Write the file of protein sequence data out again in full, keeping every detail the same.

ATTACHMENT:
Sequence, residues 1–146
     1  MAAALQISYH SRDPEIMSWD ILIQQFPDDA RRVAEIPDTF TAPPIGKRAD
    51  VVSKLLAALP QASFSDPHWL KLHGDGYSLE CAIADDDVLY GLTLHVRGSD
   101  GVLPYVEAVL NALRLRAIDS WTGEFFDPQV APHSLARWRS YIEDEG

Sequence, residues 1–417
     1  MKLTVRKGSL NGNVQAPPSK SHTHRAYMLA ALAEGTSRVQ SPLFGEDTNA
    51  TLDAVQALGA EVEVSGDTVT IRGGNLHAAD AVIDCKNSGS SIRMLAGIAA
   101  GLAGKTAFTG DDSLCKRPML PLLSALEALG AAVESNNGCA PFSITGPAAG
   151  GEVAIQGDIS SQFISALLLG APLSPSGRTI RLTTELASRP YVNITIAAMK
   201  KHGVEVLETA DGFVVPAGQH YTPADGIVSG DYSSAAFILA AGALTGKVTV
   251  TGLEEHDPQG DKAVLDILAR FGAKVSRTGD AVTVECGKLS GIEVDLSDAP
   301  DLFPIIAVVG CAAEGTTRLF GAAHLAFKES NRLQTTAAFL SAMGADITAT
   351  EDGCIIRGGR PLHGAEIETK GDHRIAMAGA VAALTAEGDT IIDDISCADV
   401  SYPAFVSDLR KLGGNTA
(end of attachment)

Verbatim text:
Sequence, residues 1–146
     1  MAAALQISYH SRDPEIMSWD ILIQQFPDDA RRVAEIPDTF TAPPIGKRAD
    51  VVSKLLAALP QASFSDPHWL KLHGDGYSLE CAIADDDVLY GLTLHVRGSD
   101  GVLPYVEAVL NALRLRAIDS WTGEFFDPQV APHSLARWRS YIEDEG

Sequence, residues 1–417
     1  MKLTVRKGSL NGNVQAPPSK SHTHRAYMLA ALAEGTSRVQ SPLFGEDTNA
    51  TLDAVQALGA EVEVSGDTVT IRGGNLHAAD AVIDCKNSGS SIRMLAGIAA
   101  GLAGKTAFTG DDSLCKRPML PLLSALEALG AAVESNNGCA PFSITGPAAG
   151  GEVAIQGDIS SQFISALLLG APLSPSGRTI RLTTELASRP YVNITIAAMK
   201  KHGVEVLETA DGFVVPAGQH YTPADGIVSG DYSSAAFILA AGALTGKVTV
   251  TGLEEHDPQG DKAVLDILAR FGAKVSRTGD AVTVECGKLS GIEVDLSDAP
   301  DLFPIIAVVG CAAEGTTRLF GAAHLAFKES NRLQTTAAFL SAMGADITAT
   351  EDGCIIRGGR PLHGAEIETK GDHRIAMAGA VAALTAEGDT IIDDISCADV
   401  SYPAFVSDLR KLGGNTA